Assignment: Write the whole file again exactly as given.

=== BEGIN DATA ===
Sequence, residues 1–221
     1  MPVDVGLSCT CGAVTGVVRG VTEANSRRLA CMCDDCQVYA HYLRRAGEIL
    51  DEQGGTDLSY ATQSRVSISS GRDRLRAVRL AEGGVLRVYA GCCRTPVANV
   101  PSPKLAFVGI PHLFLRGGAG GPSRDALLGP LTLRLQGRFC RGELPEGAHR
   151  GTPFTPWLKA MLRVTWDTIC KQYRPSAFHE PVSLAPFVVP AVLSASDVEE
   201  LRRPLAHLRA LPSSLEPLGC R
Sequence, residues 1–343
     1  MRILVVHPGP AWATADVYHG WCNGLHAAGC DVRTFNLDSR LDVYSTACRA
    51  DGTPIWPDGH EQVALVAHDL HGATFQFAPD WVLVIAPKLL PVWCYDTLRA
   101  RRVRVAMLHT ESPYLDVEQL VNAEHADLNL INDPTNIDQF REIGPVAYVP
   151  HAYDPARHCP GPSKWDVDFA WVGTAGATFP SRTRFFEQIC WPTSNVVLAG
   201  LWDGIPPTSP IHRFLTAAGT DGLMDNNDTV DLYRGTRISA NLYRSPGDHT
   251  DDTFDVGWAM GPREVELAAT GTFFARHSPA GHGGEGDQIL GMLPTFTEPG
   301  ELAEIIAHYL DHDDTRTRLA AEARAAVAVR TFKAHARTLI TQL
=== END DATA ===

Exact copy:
Sequence, residues 1–221
     1  MPVDVGLSCT CGAVTGVVRG VTEANSRRLA CMCDDCQVYA HYLRRAGEIL
    51  DEQGGTDLSY ATQSRVSISS GRDRLRAVRL AEGGVLRVYA GCCRTPVANV
   101  PSPKLAFVGI PHLFLRGGAG GPSRDALLGP LTLRLQGRFC RGELPEGAHR
   151  GTPFTPWLKA MLRVTWDTIC KQYRPSAFHE PVSLAPFVVP AVLSASDVEE
   201  LRRPLAHLRA LPSSLEPLGC R
Sequence, residues 1–343
     1  MRILVVHPGP AWATADVYHG WCNGLHAAGC DVRTFNLDSR LDVYSTACRA
    51  DGTPIWPDGH EQVALVAHDL HGATFQFAPD WVLVIAPKLL PVWCYDTLRA
   101  RRVRVAMLHT ESPYLDVEQL VNAEHADLNL INDPTNIDQF REIGPVAYVP
   151  HAYDPARHCP GPSKWDVDFA WVGTAGATFP SRTRFFEQIC WPTSNVVLAG
   201  LWDGIPPTSP IHRFLTAAGT DGLMDNNDTV DLYRGTRISA NLYRSPGDHT
   251  DDTFDVGWAM GPREVELAAT GTFFARHSPA GHGGEGDQIL GMLPTFTEPG
   301  ELAEIIAHYL DHDDTRTRLA AEARAAVAVR TFKAHARTLI TQL